Funding will help tackle social impact of rising cost of living.
Projects supporting people most at risk of social isolation and loneliness will receive a share of almost £1 million support funding announced today.
The money will help to provide warm spaces, hot meals, group activities and fuel payments to people most at risk of isolation including older people, young parents, carers and disabled people.
Organisations to receive grants/funds include Age Scotland, who will continue to deliver their ‘Keeping The Doors Open’ grants programme, and Chest, Heart and Stroke Scotland who are recruiting Urdu and Punjabi-speaking volunteers to make Kindness Calls.
Equalities and Older People’s Minister Christina McKelvie said:
“Social isolation and loneliness can affect anyone, especially at this time of year when people can struggle to get outside and socialise.
“The pandemic and the cost of living crisis have increased isolation for some people, including young people, carers and disabled people.
“The funding will be a lifeline for a range of organisations who are helping to keep people connected during this challenging time.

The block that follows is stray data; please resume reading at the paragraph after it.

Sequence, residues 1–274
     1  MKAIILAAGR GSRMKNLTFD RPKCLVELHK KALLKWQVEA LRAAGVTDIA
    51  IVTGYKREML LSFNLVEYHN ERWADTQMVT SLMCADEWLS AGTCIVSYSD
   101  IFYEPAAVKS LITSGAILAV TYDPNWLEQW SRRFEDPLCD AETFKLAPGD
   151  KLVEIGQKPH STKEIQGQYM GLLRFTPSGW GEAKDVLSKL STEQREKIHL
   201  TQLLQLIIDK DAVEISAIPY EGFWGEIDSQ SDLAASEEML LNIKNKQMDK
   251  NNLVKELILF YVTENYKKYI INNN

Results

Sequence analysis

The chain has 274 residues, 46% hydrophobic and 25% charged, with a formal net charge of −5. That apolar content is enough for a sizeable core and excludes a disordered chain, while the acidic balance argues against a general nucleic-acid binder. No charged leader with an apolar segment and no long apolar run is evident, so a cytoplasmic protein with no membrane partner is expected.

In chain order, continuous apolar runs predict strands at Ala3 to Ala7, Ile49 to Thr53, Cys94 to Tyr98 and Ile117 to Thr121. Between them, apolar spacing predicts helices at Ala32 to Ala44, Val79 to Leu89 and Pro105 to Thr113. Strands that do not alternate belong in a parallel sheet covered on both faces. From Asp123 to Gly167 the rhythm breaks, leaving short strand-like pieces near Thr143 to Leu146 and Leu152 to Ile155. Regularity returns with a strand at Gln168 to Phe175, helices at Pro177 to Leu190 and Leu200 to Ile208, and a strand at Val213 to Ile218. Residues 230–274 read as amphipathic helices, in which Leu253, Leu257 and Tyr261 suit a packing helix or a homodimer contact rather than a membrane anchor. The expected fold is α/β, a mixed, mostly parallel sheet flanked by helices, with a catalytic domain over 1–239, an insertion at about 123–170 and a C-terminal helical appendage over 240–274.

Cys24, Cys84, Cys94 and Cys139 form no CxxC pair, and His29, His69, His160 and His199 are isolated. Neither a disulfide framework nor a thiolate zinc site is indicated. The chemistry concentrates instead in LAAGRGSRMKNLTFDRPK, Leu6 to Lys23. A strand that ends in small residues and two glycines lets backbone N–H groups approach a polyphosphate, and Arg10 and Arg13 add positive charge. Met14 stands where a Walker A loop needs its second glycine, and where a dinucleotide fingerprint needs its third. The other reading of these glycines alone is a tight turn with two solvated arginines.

“This fund is just one of the many crucial steps that we are taking to tackle social isolation and loneliness as part of our plan, A Connected Scotland.”
Chest, Heart & Stroke Scotland’s Chief Executive Jane-Claire Judson said:
“We know that living with a disability or long-term condition can be hugely isolating and that for those who are unable to read or communicate fluently in English, this isolation can be even more significant.
“This funding from the Scottish Government will greatly enhance the ability of our support services to reach non-English speaking and minority ethnic populations in Scotland to reduce isolation and loneliness.
“Ultimately, it will allow us to engage with and support more people across Scotland who are living with chest, heart and stroke conditions, better enabling them to live their lives to the full.”
Chief Executive of Age Scotland Mark O’Donnell said
“Older people’s groups have an incredibly important role in communities across Scotland, supporting health and wellbeing, physical activity, tackling loneliness and food insecurity.
“Our research has identified that around 200,000 over-65s rely on groups like this but the impact of Covid-19 and spiralling inflation has meant that these lifelines have been facing incredible pressures to keeping their doors open.
“We’re incredibly grateful that the Scottish Government took notice of our research and our ask of greater financial support for older people’s groups.
“The funding will help many such groups and clubs meet the rising cost of energy bills, food, transport and venues to meet, ensuring that their members can stay connected and are able to be as well as they can be.”